*Bauhinia castrata Blanco
*Bauhinia coromandeliana DC.
*Bauhinia kurzii Prain
*Bauhinia rosea Kurz
*Bauhinia triandra Roxb.
*Caspareopsis purpurea (L.) Pittie
Common Names: Orchid Tree, Purple Butterfly Tree, Mountain Ebony, Geranium Tree, Purple Bauhinia, Purple bauhinia, Camel’s foot, Butterfly tree, and Hawaiian orchid tree
Habitat:Bauhinia purpurea is native to E. Asia – India, Nepal, Bhutan, Pakistan, Sri Lanka, Myanmar, Thailand. It grows in the mixed and sal forests of the sub-Himalayan tract, ascending to 1,200 metres. It is characteristic of mixed deciduous forests, often of a dry type, occurring on hill slopes, in valleys, and along streams.
Bauhinia purpurea is a small to medium-size deciduous tree growing to 17 feet (5.2 m) tall. The leaves are 10–20 centimetres (3.9–7.9 in) long and broad, rounded, and bilobed at the base and apex. The flowers are conspicuous, pink, and fragrant, with five petals. The fruit is a pod 30 centimetres (12 in) long, containing 12 to 16 seeds. Leaves are alternate.
In the United States of America, the tree grows in Hawaii, coastal California, southern Texas, and southwest Florida. Bauhinia × blakeana is usually propagated by grafting it onto B. purpurea stems.
Edible portion: Flowers, Leaves, Seeds, Fruit, Gum. Leaves – cooked and eaten as a vegetable. They are used in curries. Flower buds and flowers – cooked and eaten as a vegetable. The flower buds are often pickled or used in curries. Young seedpods – cooked and eaten as a vegetable. The seeds are fried and eaten. The gum is edible.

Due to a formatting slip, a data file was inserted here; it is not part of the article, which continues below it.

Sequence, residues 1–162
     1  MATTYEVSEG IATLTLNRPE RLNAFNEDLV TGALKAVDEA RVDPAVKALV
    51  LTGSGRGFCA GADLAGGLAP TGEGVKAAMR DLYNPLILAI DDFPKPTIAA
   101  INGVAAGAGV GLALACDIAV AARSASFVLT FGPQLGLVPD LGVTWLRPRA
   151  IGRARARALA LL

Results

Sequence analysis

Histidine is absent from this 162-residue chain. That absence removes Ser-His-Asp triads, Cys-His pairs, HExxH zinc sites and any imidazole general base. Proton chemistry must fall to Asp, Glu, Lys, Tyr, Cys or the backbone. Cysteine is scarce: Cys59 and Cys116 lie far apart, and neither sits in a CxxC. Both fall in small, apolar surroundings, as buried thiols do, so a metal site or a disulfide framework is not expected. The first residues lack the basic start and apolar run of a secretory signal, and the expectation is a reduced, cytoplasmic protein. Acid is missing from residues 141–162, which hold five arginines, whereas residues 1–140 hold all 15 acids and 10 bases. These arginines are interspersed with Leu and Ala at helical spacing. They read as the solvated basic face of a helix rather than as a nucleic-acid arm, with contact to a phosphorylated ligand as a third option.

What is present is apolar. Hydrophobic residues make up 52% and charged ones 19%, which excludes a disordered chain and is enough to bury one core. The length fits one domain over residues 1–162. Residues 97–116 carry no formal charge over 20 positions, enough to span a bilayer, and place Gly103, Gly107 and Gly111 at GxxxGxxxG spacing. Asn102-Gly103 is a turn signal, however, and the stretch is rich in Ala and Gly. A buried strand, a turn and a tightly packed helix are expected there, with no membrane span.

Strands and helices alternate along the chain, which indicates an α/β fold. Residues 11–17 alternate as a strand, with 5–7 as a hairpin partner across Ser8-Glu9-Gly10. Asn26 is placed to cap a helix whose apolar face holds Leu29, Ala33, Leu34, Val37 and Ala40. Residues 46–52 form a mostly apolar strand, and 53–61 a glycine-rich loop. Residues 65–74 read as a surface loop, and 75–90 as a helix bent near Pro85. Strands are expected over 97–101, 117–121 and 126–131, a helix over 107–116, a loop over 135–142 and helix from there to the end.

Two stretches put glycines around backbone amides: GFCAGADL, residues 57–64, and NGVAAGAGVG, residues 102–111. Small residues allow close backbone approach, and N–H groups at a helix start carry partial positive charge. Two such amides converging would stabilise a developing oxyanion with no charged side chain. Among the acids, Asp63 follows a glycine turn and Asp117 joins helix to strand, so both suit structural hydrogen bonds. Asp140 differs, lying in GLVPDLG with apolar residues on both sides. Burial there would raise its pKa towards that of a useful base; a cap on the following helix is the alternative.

The root is carminative. The flowers are laxative. The bark, roots and flowers, when mixed with rice-water, are used in poultice form as a maturant.
Landscape Uses: Pest tolerant, Aggressive surface roots possible, Specimen, Blooms are very showy. Form: Rounded, Vase. Agroforestry Uses: This tree should make an excellent pioneer with its ease of establishment, rapid growth and hardiness. Some thought should be given, however, to the possibility of it escaping from cultivation. Other Uses The plant yields a gum. The bark is a source of tannins. It is also used for dyeing. A fibre is obtained from the bark. The wood is rosy-white in colour, turning brown upon exposure to the atmosphere. Fine and closely grained, it is hard and durable. It is used for carpentry and joinery when large enough; otherwise it is used for agricultural implements. The wood is used for fuel.
In India, the bark is extensively applied in glandular diseases and as a poison antidote while the leaves are administered as cough medicine. The flowers are said to be laxative and used in curries and pickles.
Disclaimer : The information presented herein is intended for educational purposes only. Individual results may vary, and before using any supplement, it is always advisable to consult with your own health care provider.